RAIN resources include clinics and places of assistance. There are several clinics that exist and focus predominantly on HIV and AIDS. Physicians in family practice or internal medicine may treat people living with HIV or make a referral to an HIV specialist.

500 Lakeshore Parkway
Rock Hill, SC

Amity Medical Group 704-208-4134
6010 East WT Harris Boulevard, Charlotte

CMC – Myers Park Clinic 704-446-4490
1350 S. Kings Drive, Charlotte

Gaston Family Health Services – Hudson 704-874-3316
991 W. Hudson Boulevard, Gastonia

Eastowne Family Physicians, PA 704-413-1705
4115 The Plaza, Charlotte

ID Consultants, PA 704-331-9669
4539 Hedgemore Drive, Suite 100, Charlotte

NorthEast Infectious Disease 704-403-1766
Medical Art Building
200 Medical Park Drive, Suite 280, Concord

Novant Health ID 704-316-5330
1900 Randolph Road, Suite 216, Charlotte

Rosedale Infectious Disease 704-948-8582
103 Commerce Centre Drive, Suite 103, Huntersville


How to Qualify for Social Security Disability Benefits with HIV/AIDS

Advancements in available treatments now allow many people with HIV to continue living and working relatively free of symptoms and complications for years, even decades, after diagnosis. When HIV infection causes severe complications or pronounced impairments with everyday functioning though, it can qualify for disability benefits from the Social Security Administration (SSA). If you’ll be unable to work for 12 months or more due to your HIV complications, you should consider applying for Social Security disability benefits.

The SSA’s HIV Disability Listing
If your medical records show you meet the HIV disability listing, you’re automatically medically qualified for benefits. The SSA uses a medical guide known as the Blue Book to evaluate Social Security applicants. The possible complications of HIV infection are many and varied, and the SSA accounts for these by describing multiple ways in which you can qualify:

  • If you’ve developed an HIV-related cancer or lymphatic disorder, like:
    • Lymphoma of the brain, brain stem, or spinal cord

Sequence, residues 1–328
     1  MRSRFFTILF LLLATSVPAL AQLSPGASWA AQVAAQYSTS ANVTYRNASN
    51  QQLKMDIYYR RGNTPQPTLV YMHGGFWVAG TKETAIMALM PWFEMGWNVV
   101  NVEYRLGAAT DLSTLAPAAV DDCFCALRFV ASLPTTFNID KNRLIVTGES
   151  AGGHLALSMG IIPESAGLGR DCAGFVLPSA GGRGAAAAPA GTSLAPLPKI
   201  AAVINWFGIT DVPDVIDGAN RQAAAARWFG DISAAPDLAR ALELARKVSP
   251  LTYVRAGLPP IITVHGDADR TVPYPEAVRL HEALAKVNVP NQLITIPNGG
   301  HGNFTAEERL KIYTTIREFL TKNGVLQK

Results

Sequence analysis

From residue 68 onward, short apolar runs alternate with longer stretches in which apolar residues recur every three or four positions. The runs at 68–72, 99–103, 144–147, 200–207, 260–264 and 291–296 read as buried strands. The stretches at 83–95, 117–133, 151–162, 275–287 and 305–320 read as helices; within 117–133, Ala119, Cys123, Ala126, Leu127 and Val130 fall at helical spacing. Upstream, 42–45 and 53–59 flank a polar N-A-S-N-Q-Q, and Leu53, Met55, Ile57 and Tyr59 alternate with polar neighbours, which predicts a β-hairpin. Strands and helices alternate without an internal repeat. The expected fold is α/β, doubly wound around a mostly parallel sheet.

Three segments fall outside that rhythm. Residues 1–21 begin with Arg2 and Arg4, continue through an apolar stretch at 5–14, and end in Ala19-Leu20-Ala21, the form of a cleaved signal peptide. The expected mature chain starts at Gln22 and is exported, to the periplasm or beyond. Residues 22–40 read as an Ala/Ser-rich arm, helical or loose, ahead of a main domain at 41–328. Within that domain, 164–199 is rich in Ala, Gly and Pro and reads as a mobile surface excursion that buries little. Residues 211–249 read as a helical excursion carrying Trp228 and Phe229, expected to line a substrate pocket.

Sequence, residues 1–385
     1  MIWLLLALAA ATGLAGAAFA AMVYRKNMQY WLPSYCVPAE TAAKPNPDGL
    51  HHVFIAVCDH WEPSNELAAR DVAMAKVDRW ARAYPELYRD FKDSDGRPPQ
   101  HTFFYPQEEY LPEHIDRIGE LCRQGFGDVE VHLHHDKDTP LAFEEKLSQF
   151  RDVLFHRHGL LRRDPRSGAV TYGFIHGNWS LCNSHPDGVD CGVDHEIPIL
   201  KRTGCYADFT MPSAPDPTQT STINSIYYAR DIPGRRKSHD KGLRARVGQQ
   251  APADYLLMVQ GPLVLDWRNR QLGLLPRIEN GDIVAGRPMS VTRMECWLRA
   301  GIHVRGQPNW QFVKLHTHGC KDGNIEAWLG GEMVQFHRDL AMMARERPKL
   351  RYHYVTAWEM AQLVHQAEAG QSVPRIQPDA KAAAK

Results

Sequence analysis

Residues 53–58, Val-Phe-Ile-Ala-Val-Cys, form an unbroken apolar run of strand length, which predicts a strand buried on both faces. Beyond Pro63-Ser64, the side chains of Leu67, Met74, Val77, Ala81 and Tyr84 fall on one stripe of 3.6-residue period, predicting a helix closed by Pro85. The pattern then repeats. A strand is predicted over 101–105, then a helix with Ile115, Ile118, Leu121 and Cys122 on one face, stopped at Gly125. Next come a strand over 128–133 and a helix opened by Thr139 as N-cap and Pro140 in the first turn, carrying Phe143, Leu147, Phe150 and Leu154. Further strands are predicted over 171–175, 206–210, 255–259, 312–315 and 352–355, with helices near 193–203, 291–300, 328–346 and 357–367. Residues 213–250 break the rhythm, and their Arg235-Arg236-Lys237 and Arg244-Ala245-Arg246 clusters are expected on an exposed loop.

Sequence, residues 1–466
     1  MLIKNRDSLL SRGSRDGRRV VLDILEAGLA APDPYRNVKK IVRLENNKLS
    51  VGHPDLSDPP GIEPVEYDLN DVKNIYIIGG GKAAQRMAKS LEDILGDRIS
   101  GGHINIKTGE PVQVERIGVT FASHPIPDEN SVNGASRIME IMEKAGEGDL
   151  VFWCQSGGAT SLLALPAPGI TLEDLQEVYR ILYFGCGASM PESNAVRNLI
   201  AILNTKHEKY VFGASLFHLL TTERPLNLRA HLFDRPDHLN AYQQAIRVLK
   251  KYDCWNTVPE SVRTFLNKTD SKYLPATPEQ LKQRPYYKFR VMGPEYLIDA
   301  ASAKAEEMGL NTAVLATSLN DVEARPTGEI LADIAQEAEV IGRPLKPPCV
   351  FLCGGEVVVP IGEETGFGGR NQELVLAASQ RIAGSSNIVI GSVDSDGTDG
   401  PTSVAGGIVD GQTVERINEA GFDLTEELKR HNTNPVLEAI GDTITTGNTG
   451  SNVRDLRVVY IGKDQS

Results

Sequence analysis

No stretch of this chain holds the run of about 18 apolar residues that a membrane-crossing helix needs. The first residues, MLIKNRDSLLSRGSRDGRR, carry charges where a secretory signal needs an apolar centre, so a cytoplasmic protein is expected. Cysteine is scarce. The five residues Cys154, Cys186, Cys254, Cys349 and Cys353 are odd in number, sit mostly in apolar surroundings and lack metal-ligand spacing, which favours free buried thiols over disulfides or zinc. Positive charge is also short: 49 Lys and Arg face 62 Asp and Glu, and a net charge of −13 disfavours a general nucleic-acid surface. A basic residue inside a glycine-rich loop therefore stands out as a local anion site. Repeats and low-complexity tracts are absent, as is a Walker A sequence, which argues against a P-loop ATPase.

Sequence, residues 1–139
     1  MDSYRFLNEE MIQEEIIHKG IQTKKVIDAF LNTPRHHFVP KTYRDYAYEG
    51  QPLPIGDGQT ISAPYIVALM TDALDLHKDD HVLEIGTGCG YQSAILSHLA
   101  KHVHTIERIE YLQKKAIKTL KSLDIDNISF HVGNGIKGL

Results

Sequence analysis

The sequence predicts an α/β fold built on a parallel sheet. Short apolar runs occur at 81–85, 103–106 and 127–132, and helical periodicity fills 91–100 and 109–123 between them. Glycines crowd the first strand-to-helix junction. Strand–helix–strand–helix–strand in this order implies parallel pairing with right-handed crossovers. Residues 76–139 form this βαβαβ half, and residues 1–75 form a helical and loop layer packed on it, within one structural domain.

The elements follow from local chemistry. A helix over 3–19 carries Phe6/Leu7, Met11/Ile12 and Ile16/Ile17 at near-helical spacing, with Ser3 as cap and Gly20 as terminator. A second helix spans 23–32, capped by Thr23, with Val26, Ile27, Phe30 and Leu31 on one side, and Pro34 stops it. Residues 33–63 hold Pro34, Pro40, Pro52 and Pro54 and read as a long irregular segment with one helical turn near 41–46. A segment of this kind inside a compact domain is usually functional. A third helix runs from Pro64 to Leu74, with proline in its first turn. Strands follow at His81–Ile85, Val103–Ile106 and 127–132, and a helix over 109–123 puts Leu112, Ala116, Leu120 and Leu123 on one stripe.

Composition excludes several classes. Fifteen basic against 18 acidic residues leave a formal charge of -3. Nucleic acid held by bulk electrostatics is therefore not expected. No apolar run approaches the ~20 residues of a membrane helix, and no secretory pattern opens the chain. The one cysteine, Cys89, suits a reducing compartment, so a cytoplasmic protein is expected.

• Large cell, non-Hodgkin’s or primary effusion lymphoma (PEL)
    • Leukoencephalopathy that is multifocal and progressive
    • Pulmonary Kaposi Sarcoma
    • Castleman disease, of the multicentric form
  • *If you have a CD4 count of 50 or lower, or a count of 200 or lower, along with one of the following:
    • A body mass index of 18.5 or lower OR
    • Anemia, with a hemoglobin count of 8.0 or lower
  • If you have other complications of HIV along with decreased functional capacity in at least one of the following areas, you’ll be found eligible for benefits under the SSA’s HIV listing:
    • activities of daily living
    • interacting socially or participating in social activities
    • seeing tasks through to completion due to concentration issues, decreased pace, or an inability to persist

It’s also possible to qualify for disability with HIV if opportunistic infections or HIV-related complications have landed you in the hospital at least three times in the last 12 months. Keep in mind though that hospital stays must occur with at least 30-days between them, and that each hospitalization must be 48 hours in duration or longer, although hours spent in the ER count toward each minimum stay.

*Some of the listings require blood tests, so be sure to review the Blue Book with your doctor to determine if you qualify. It’s important to note that while AIDS is not listed in the Blue Book, you will almost certainly qualify under one of the HIV listings.

Medical Records and Disability Approval
To approve any application for benefits, the SSA must have appropriate medical documentation of disability. With HIV, the essential medical records include records of a definitive HIV diagnosis in the form of:

  • lab results, like an HIV antibody, antigen, nucleic acid, or viral culture OR
  • a report from a physician, attesting to the completion of one of these diagnostic tests.

You may need your doctor’s assistance with understanding the medical evidence required for proving disability based on HIV complications or manifestations of HIV infection. You’ll want to inform your doctor of your plans to apply for benefits anyway, since he or she will need to provide access to your medical records and may even be asked to complete additional questionnaires by Disability Determination Services staff.

Applying for Benefits
You can complete your Social Security application online or at the local SSA office. To schedule an appointment at your closest SSA office, you can call the SSA toll-free at 1-800-772-1213. With thorough medical evidence on your side, you should be approved in around five months.